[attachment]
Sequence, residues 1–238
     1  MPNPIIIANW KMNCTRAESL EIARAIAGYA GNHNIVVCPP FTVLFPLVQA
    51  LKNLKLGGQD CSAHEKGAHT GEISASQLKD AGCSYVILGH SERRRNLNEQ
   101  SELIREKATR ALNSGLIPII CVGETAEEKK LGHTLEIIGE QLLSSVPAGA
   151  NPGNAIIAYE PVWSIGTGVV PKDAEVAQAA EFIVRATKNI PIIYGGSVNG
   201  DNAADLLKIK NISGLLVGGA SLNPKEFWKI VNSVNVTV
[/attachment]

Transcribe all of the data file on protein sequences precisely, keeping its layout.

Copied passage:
Sequence, residues 1–238
     1  MPNPIIIANW KMNCTRAESL EIARAIAGYA GNHNIVVCPP FTVLFPLVQA
    51  LKNLKLGGQD CSAHEKGAHT GEISASQLKD AGCSYVILGH SERRRNLNEQ
   101  SELIREKATR ALNSGLIPII CVGETAEEKK LGHTLEIIGE QLLSSVPAGA
   151  NPGNAIIAYE PVWSIGTGVV PKDAEVAQAA EFIVRATKNI PIIYGGSVNG
   201  DNAADLLKIK NISGLLVGGA SLNPKEFWKI VNSVNVTV